We live in a world full of photographic images. They are there when we wake up in the morning and follow us all through the day until we turn off the light for the night. Pictures in the newspaper, images on social media, photos online, pictures on billboards on the city streets, squares and public transport. Not to mention all the images on the various daily television programs. The old adage that a picture is worth a thousand words has become more valid than ever.

Pictures stick out from the media flow that overwhelms us, and they affect us immediately in a way that text rarely does.

At the same time, people's fear regarding appearing in pictures or having their names associated with various sensitive situations, is on the rise.
Seeing themselves in advertising for someone else's products or services may be at least as sensitive as finding pictures of themselves on Facebook, a bit tipsy or dancing wildly at a recent office party.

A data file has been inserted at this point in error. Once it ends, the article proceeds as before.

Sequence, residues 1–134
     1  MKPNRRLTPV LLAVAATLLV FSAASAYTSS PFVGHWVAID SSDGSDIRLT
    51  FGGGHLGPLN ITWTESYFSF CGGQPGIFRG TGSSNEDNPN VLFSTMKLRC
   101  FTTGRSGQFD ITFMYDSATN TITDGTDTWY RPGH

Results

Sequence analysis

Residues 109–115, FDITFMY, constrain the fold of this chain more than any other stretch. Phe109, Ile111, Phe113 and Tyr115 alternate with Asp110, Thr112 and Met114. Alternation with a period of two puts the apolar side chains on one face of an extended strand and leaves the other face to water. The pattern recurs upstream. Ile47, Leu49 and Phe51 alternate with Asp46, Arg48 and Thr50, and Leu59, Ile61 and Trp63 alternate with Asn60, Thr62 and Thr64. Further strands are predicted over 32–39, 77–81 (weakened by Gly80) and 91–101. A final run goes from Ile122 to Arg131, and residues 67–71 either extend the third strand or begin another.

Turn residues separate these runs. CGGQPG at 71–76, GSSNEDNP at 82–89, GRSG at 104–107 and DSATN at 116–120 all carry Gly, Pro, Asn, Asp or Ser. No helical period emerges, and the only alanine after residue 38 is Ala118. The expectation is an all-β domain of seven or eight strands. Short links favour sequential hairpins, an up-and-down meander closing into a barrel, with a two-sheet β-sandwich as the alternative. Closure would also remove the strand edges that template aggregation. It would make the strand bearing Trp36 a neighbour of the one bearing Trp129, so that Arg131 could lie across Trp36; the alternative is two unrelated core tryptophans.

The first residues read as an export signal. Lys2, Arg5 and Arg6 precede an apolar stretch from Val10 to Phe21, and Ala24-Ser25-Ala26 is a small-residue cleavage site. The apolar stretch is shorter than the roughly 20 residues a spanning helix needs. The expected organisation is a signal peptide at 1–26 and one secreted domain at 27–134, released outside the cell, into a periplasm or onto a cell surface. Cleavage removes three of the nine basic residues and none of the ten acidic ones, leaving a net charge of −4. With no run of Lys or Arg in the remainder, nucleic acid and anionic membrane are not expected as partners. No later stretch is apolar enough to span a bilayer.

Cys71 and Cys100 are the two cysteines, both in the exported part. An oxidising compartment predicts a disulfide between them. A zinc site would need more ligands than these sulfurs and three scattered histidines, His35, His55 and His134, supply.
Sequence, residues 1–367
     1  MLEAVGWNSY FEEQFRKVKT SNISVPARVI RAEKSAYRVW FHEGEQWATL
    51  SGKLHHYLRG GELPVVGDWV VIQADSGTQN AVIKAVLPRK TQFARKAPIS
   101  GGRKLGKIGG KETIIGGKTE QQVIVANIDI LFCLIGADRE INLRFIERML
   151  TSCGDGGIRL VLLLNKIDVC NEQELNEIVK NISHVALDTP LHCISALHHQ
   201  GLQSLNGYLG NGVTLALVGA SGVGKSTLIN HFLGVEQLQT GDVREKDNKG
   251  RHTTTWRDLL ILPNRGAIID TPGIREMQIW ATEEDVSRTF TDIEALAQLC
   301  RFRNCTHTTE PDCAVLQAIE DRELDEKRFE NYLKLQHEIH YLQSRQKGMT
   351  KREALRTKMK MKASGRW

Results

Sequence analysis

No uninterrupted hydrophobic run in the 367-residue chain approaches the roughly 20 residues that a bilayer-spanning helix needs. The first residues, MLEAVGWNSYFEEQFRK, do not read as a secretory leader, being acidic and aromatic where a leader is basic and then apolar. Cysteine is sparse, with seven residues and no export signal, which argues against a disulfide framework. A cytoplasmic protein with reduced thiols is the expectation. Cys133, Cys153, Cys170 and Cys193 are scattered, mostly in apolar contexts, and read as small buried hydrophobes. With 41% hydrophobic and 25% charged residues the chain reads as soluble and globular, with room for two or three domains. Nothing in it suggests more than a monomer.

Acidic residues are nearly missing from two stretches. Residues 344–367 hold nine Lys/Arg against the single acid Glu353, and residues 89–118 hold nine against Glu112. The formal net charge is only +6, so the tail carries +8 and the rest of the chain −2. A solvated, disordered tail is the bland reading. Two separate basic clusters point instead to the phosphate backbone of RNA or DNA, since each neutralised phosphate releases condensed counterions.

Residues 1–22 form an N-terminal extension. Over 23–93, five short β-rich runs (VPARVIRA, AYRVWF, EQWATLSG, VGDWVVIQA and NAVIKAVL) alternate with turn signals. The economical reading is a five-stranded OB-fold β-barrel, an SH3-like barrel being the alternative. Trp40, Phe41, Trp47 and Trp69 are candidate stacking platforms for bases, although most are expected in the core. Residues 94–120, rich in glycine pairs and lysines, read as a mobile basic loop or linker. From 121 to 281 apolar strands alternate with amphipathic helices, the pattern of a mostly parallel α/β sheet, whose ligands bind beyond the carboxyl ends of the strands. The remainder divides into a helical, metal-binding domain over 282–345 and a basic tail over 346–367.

Grey areas

In many countries legislatures have made attempts to regulate various types of intrusive image use. If it involves commercial advertising, it requires consent from the living and identifiable person depicted. Photos of identifiable people can also be equated with the handling of personal data.

Consent is always required when such images are used digitally, are searchable, or threaten to violate anyone's privacy. Exemption from the requirement for consent may apply if the purpose is journalistic or artistic, or if, as in Sweden, there is an automatic or voluntary impediment to publication with a designated publisher.

Alongside the legislation, there is a gray area that is more about ethical considerations than legal violations. For instance, during a general election in Sweden, anyone may appear in a political party poster campaign without our consent. The same applies to advertising for a non-profit organization or other non-profit activities, whatever values they may represent. If there is only a valid impediment to publication with a publisher your name can appear in a database filled with legal judgments and there is nothing legally you can do to stop it.

Model Release